10 January 2014



‘Where will we go when the lights go out and we gather all together?’, asked the feisty American-Lebanese poetess and painter Etel Adnan. ‘We will all go to Paradise’ seems to be the answer of her contemporary Shafic Abboud, whose paintings that are inebriated with light, woven with colours like carpets, enclosed like the Garden of Eden and rustling like Persian miniatures, appear as transfigured visions of an intangible reality. It seems that his entire oeuvre follows some of the Bonnardian aspects of the joie de vivre, as is proven through the title of one of his paintings, Cette place pour le Bonheur (‘That space for happiness’). Abboud remains a mystical believer of the moment, who is capable of sacrificing everything to this wild god. With his troubled nature, the Levantine artist desperately fights against time that consumes us and against depression that threatens him. He does this by making his canvases flutter and vibrate with a fire that burns, warms up and consumes itself, using all sorts of yellow, orange and red colour variations from the complex East.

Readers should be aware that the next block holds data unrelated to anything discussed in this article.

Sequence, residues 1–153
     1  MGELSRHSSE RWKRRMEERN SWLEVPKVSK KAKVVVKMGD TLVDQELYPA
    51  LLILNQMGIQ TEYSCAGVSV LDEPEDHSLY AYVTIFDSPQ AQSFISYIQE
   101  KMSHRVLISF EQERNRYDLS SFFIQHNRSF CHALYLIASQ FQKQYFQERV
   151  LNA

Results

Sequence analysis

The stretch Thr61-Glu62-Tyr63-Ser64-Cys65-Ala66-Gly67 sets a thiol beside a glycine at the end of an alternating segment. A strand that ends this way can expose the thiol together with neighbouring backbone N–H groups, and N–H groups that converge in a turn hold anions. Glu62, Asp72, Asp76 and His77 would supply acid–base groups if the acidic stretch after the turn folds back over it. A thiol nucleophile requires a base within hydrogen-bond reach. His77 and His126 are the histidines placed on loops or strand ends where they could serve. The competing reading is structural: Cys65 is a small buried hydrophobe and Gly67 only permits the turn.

There are some aspects of a meticulous alchemist in this magician of colours, as is proven throughout his books of paintings or his notebooks covered with sentences neatly framed, similar to some form of patchwork that is to be read as well as being looked at. There is also the notion of a musician lost in the harmony of spheres in this man crazy about Beethoven’s quartets. The latter supposedly possessed ‘the gift of perpetual migration’, according to his friend André Boucourechliev, the composer. For example, in his Quatuor (‘Quartet’) of 1977, Abboud’s painting is never still as there is always movement, sparkling, passion, iridescence. Finally, there is a mystical approach to the flesh in this wounded hedonist, who wants to ‘look at Nature straight in the eyes’ and who paints nudes like landscapes and landscapes like nudes on the ceiling. Born in the Greek Orthodox village of Mhaidsé in 1926, at the heart of the Lebanese mountains, Abboud the sensualist painter remained a maker of icons all his life, these ‘splendors of light and beauty, glorious with liquid gold’, as the poet of the two riverbanks, Georges Schehadé, called them. Although he moved away from his childhood memories when he settled down in France, next to the enchanted garden of the Montsouris park, and that he ended up rejecting the confessional politics that sparked the fire in Lebanon, he never stopped sanctifying the secular between Beirut and Paris, painting here ‘where the heat is appeasing’ during the summer, and there, ‘where the temperature brings the brain to a boil’ during the winter.